Anyone?

I am posting 2 links for your reading pleasure.

The Science alert gives a quick overview.

https://www.sciencealert.com/there-was-a-major-unexpected-benefit-to-james-webb-s-christmas-launch

The Universe today is essentially the same article, but with expanded info. Be sure to click on the Twitter links/Threads embedded in the article for some cool explanatory graphics and information.

https://www.universetoday.com/153851/jwsts-precise-launch-and-near-perfect-course-corrections-mean-fuel-savings-and-that-means-a-longer-mission/

Happy New Year

 

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Update...

Along with  a successful course correction, they have managed to unfurl the heat shield.

"One of the James Webb Space Telescope's most nail-biting deployment steps is safely in the books...

...The shiny silver shield measures 69.5 feet long by 46.5 feet wide (21.2 by 14.2 meters) when fully deployed — far too large to fit inside the protective payload fairing of any currently operational rocket. So it was designed to launch in a highly compact configuration and then unfold once Webb got to space...

...Webb's sunshield assembly includes 140 release mechanisms, approximately 70 hinge assemblies, eight deployment motors, bearings, springs, gears, about 400 pulleys and 90 cables totaling 1,312 feet [400 m]."

(quote from the Space.com article, link below)

This is a stunning piece of Engineering in any circumstances, but to do it while traveling in space? WOW.

There is so much depressing crap going on in the world that it is great to hear about something awesome. It sometimes makes me wonder that if we (humanity) can do this, then perhaps we can do something about Climate Change, Covid-19 and the next batch of virus', species extinction, and all the other major issues facing humanity. 

Maybe, just maybe, we won't kill ourselves off before we learn more of the super cool stuff out there.

https://www.space.com/james-webb-space-telescope-sunshield-deployment-success

 

 

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Great advances in knowledge have always occurred after great advances in technology (Telescope) and accidents (Penicillin). With a bit of luck the James Webb and the Square Kilometre Array will resolve the problems with things like Dark Matter, Dark Energy, Expansion, and Quantum Gravity.  But just like the Hubble telescope, it will reveal a lot more than was ever thought of at the time it was launched.  That is of course if it all works - so many things can go wrong - and once done it cannot be repaired or re-tuned like Hubble was (not in our lifetimes anyway). 

 

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Hello Fellow Space Junkies!

In line with the idea of general Space discoveries and also 'Way Cool' space news, I was reading an article on 'Rogue planets'. What are Rogue planets? They are planets which roam freely through the universe, untethered to a star. Serious Trekkies will recall the Rogue World hunting expedition on Enterprise, various stories from TNG, and of course in DS9 that a rogue planet was the home-world of the Dominion's Changelings. Seriously, you didn't realize I was a Trekkie?

What's new is the number of them; scientists have always known they exist, but modern theory posits that there might be more of them than actual stars (See Universe Today article, link below). Further, it is possible that they have the occasional atmosphere and other life-giving possibilities (I'll wait for more definitive proof, but... interesting). Finally, as we aren't able to 'see' them too clearly at the moment, they could even be close by and more interesting than we know.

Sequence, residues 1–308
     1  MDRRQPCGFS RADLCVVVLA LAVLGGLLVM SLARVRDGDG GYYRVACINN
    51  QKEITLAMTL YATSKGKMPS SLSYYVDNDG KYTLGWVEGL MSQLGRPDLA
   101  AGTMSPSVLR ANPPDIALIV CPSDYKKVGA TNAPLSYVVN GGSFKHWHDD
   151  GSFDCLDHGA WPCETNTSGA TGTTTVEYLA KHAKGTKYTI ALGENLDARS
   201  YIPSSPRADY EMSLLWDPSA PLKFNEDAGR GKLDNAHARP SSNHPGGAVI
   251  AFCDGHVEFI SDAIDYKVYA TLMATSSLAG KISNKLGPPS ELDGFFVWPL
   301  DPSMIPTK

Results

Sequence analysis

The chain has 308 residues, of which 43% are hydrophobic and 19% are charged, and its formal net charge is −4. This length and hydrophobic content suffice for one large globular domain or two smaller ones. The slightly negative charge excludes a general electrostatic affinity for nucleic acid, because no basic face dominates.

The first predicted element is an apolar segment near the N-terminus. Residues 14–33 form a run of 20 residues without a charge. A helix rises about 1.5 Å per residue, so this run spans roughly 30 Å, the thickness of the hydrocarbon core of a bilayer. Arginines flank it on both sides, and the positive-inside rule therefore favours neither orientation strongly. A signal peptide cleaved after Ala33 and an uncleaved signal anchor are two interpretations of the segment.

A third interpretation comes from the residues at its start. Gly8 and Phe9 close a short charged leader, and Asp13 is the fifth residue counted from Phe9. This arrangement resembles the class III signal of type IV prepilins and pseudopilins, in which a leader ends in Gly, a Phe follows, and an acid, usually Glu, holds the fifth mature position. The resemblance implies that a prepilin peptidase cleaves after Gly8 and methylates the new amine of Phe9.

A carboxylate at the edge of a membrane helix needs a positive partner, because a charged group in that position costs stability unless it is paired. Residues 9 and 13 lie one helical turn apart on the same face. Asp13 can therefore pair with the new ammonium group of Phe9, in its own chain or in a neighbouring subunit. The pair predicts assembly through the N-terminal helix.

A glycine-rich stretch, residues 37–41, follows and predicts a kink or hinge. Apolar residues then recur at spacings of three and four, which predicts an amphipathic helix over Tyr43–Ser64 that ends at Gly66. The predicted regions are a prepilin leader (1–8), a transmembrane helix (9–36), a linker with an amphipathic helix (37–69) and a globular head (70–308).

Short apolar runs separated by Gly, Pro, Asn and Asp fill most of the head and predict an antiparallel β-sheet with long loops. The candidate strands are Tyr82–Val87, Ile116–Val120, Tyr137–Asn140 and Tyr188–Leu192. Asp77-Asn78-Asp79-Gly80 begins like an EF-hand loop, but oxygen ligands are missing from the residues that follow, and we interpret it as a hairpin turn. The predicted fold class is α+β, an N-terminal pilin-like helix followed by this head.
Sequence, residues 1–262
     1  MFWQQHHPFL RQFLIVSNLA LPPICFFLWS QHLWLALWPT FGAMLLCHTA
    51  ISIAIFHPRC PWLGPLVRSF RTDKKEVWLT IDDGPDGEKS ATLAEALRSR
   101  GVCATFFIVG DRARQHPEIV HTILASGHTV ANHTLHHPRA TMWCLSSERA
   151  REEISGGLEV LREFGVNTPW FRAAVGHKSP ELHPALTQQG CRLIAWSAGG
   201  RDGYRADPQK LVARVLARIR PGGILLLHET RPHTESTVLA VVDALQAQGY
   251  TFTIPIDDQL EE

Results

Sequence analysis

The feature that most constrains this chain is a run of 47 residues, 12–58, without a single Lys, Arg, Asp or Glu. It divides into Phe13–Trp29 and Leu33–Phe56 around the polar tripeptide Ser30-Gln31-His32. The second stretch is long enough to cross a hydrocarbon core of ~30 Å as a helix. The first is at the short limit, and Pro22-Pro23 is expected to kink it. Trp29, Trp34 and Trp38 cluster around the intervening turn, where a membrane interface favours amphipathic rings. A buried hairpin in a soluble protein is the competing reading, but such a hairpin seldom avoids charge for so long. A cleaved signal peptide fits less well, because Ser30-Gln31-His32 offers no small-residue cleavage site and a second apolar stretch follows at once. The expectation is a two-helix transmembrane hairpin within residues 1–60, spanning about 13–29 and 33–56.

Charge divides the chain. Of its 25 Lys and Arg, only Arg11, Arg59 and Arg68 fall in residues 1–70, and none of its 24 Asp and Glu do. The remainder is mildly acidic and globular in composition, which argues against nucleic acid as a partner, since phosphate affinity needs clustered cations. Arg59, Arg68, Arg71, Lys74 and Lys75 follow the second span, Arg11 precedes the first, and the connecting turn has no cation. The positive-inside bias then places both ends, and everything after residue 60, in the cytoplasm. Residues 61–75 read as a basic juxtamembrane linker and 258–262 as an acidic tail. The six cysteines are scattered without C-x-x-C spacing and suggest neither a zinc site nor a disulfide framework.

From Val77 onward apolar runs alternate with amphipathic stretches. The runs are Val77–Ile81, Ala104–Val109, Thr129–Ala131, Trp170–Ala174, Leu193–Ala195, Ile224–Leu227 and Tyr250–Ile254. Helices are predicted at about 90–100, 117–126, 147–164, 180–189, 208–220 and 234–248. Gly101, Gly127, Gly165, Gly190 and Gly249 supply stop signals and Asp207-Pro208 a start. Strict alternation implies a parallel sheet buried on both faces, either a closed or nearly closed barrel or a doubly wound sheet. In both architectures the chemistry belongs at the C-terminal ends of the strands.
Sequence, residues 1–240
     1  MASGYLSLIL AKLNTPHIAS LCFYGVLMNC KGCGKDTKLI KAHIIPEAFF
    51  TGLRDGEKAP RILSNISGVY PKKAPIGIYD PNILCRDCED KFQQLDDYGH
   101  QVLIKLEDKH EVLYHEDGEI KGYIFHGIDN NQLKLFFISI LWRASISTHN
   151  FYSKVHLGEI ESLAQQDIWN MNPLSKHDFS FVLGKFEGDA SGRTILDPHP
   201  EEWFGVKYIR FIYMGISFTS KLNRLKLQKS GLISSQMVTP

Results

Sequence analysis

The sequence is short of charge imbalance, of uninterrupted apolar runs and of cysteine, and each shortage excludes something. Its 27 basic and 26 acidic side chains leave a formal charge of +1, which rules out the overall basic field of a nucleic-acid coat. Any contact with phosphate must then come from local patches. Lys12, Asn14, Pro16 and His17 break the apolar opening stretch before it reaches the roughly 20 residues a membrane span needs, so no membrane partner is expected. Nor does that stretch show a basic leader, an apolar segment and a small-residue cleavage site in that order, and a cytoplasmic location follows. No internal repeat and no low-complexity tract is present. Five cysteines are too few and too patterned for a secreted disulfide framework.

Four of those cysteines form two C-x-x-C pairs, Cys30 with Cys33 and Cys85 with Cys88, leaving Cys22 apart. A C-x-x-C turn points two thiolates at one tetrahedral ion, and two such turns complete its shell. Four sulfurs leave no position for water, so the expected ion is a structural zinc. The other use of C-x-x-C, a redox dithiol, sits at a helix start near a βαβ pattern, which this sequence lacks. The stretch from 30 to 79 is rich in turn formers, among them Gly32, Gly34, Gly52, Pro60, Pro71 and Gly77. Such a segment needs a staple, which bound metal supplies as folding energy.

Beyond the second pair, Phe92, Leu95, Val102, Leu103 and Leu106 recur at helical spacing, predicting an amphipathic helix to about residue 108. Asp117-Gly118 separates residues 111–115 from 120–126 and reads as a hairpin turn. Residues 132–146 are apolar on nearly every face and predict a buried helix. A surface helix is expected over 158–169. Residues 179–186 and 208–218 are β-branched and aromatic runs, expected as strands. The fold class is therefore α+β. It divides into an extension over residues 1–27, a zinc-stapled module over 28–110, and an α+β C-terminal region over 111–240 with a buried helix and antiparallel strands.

How are they formed? The Universe today mentions several possible methods;

"...astronomers have conjectured that planets regularly form in interstellar space, that they are pulled away by gravitational interactions with passing stars, that supernovae kick them out, or that they free float into space after their sun dies..."

What is the significance of this? My first thought is that it'll affect the Drake Equation, a mathematical formula for estimating the number of intelligence-supporting civilizations in the Milky Way. 

The Drake Equation is:

image.jpeg.9bf528de159cd37d4a56dfbb456517ac.jpeg


(Drake Equation Image and explanation from Google and Wikipedia)

 

 

Okay, a bit clumpy to work with and it definitely does not provide any definitive proof, but is does suggest that intelligent civilizations are out there, albeit rare. And, if you plug in Rogue planets that might have an atmosphere, as suggested in the latest research, the number rises.

The more we learn of the Cosmos, the greater the number of possibilities of having other life in some form or another. Our history suggests that it won't be good for us to meet them on their terms, but perhaps other species/other life is more enlightened about this than we are/were.

What a "Way Cool' time to be alive.

https://www.universetoday.com/153883/astronomers-find-70-planets-without-stars-floating-free-in-the-milky-way/#more-153883

https://en.wikipedia.org/wiki/Drake_equation

 

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Because of Vastness of SpaceTime It comes down to Belief. No Evidence Yet. 100 Light Years of Unresponded Radio Wave Transmissions. Evolutionary Process. True Odds of Evolving non- Human Advanced Civilization are literally Astronomical. Drake is Wrong.

So Personally, I believe Universe is Cold Dark Empty ….. and Fascinating ……